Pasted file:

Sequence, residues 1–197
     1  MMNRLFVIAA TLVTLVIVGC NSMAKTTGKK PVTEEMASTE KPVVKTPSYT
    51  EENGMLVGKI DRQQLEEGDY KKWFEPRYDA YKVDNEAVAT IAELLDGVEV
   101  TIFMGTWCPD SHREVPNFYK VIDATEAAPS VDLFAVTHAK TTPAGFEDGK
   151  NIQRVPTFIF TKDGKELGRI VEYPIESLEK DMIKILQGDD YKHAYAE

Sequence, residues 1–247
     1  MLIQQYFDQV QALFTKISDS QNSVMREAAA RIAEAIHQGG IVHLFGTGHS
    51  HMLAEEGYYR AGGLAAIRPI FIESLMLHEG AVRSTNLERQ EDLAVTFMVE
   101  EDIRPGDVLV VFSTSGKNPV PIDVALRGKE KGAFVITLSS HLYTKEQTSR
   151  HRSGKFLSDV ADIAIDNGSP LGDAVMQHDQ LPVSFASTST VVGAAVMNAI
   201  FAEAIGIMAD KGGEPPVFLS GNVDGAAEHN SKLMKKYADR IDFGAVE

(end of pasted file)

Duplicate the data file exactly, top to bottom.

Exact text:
Sequence, residues 1–197
     1  MMNRLFVIAA TLVTLVIVGC NSMAKTTGKK PVTEEMASTE KPVVKTPSYT
    51  EENGMLVGKI DRQQLEEGDY KKWFEPRYDA YKVDNEAVAT IAELLDGVEV
   101  TIFMGTWCPD SHREVPNFYK VIDATEAAPS VDLFAVTHAK TTPAGFEDGK
   151  NIQRVPTFIF TKDGKELGRI VEYPIESLEK DMIKILQGDD YKHAYAE

Sequence, residues 1–247
     1  MLIQQYFDQV QALFTKISDS QNSVMREAAA RIAEAIHQGG IVHLFGTGHS
    51  HMLAEEGYYR AGGLAAIRPI FIESLMLHEG AVRSTNLERQ EDLAVTFMVE
   101  EDIRPGDVLV VFSTSGKNPV PIDVALRGKE KGAFVITLSS HLYTKEQTSR
   151  HRSGKFLSDV ADIAIDNGSP LGDAVMQHDQ LPVSFASTST VVGAAVMNAI
   201  FAEAIGIMAD KGGEPPVFLS GNVDGAAEHN SKLMKKYADR IDFGAVE